Rapa Nui – A Long Way From Anywhere
I am on Rapa Nui – or Easter Island, as it is known to most of the world. I arrived yesterday afternoon, after flying 3700km across the Pacific Ocean from Santiago. Depending how you define it, I am at the most isolated, inhabited place on earth – the nearest inhabited land mass to Rapa Nui is Pitcairn Island, over 2000km away.
The contrast between The Sacred Valley and Santiago was stark; but the contrast between Santiago and Rapa Nui is even more so. When I left the tranquility of Peru and returned to Chile, I was still in South America and the backdrop of the Andes didn’t change. But here, I am in Polynesia and the backdrop is now the Pacific Ocean. It might be part of Chile, but beyond sharing the same flag it couldn’t be more different.
Arriving here is a incongruous experience. The island is little more than a rock on the middle of the ocean – 25km by 15km in size – with only one small town on its west coast. The airport is situated, literally, on the edge of the town: it took me 15 minutes to walk to the waterfront. And the airport building is nothing more than a few check-in desks and a small hall to collect your luggage. Yet we arrived is a major airliner, which parked up beside the runway and disgorged it’s passengers on to the tarmac, who then casually walked over to the arrivals hall taking photos as they went. It just didn’t feel right.
I am camped on the edge of the town overlooking the ocean. There is a constant, deep rumbling soundtrack of ocean waves braking on the rocky shore just 50 metres from the campsite. This morning we have awoken to heavy skies and rain showers. But I am in no rush to explore the island and its famous ‘maois’ – the huge, carved stone heads that sit on the coastlines looking out over the ocean. I am here for the next 10 days, and right now I am savouring the peace and solitude – and the absence of my daily commute on the Santiago metro.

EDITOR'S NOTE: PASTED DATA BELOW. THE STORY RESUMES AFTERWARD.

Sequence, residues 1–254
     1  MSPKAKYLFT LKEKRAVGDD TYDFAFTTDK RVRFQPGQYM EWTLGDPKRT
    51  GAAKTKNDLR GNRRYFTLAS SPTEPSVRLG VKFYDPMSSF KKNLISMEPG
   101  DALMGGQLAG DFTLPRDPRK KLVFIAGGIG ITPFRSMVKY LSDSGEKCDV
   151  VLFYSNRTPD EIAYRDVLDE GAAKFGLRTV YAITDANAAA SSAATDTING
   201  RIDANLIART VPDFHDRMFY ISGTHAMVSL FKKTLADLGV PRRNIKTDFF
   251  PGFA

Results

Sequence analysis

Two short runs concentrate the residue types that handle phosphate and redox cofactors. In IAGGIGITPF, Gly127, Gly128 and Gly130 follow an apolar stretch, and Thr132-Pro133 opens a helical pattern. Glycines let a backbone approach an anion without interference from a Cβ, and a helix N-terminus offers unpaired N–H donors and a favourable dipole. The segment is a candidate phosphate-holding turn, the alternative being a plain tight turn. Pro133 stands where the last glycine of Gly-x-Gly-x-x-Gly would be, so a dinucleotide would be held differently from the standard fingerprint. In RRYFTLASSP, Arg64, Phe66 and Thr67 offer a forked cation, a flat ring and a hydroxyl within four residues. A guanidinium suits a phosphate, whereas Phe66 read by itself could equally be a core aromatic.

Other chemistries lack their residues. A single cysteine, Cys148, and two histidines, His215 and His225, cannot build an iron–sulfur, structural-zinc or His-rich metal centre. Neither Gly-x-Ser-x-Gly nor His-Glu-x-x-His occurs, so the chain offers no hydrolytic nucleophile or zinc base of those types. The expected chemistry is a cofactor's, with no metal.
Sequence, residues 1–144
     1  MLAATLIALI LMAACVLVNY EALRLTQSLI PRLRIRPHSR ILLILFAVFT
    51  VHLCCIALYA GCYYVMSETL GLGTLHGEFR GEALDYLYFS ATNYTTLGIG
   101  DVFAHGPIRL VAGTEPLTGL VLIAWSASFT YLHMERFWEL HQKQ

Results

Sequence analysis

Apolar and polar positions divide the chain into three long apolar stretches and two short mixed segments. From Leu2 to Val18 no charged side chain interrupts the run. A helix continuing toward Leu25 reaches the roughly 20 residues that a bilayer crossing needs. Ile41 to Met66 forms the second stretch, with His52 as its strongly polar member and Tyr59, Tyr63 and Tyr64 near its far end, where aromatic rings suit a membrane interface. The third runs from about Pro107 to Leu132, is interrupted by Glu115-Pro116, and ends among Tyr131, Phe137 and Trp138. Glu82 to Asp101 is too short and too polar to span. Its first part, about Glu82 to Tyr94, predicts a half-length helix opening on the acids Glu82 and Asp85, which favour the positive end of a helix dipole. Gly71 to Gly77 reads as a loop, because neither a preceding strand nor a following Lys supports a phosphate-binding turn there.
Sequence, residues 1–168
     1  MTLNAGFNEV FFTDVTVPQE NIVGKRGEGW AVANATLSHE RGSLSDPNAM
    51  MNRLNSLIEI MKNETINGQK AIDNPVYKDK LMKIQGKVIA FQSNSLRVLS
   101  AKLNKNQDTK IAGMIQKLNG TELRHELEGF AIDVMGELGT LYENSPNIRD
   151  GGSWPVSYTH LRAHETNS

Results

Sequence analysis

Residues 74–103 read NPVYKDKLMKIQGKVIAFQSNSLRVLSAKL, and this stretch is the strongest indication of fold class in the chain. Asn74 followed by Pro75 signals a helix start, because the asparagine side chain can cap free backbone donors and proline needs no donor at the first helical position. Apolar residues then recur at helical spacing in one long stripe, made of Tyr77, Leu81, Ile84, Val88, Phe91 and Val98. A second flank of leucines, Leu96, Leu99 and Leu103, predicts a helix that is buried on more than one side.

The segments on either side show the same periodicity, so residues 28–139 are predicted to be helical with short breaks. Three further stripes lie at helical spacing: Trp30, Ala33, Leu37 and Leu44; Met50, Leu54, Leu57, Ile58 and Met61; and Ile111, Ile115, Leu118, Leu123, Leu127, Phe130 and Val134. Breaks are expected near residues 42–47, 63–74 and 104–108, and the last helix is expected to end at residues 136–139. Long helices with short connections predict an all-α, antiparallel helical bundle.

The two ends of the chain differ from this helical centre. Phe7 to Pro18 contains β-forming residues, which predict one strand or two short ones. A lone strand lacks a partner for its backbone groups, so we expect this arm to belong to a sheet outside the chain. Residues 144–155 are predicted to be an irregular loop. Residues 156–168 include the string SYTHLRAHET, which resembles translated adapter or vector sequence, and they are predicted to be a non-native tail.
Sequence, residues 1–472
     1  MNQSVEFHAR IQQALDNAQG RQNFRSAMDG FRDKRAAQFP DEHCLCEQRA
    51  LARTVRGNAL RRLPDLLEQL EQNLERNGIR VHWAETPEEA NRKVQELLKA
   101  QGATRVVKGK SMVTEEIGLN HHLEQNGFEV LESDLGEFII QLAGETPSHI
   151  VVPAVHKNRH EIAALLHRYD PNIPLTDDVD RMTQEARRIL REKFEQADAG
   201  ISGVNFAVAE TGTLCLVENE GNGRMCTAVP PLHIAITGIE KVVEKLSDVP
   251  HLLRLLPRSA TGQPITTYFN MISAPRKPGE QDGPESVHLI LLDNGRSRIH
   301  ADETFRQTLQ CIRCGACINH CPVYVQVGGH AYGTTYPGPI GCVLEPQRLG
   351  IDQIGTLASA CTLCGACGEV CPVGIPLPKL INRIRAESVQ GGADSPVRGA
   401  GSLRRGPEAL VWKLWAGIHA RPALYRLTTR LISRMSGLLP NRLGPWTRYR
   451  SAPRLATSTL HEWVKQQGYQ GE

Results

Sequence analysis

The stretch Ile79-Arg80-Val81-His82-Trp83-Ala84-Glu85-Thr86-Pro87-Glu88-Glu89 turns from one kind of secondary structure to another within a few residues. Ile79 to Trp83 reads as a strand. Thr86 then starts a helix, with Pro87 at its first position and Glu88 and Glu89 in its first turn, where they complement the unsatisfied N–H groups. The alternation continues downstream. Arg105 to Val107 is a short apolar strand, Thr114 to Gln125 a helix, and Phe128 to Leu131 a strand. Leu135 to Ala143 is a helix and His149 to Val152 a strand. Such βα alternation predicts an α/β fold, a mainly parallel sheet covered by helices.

Pitch you old boy – now i really am jealous. is there a wave you can surf there? Keep the despatches coming my friend – best wishes from back here and I hope its not too long before we see each other again. Dave
Plenty of waves, Relphy, and surfers too. Shame I still haven’t got round to learning to surf yet!! (Might be a project for Peru in the coming months.)
I guess the one place there will be waves is on an island surrounded by 2000 miles of ocean on each side! Fantastic – yes you should definitely give it a go when you are in Peru or Chile. Then you can brave the waves in north Devon – that’s if you ever make it back to the UK of course…. take it easy my friend, Dave
Frocky, great report brother, I will steer a few of the gang onto it, Black Ops Boyd etc. I note you said ‘we’ in the article – is that you and your webbing? Sounds like a great diversion from the continent. mick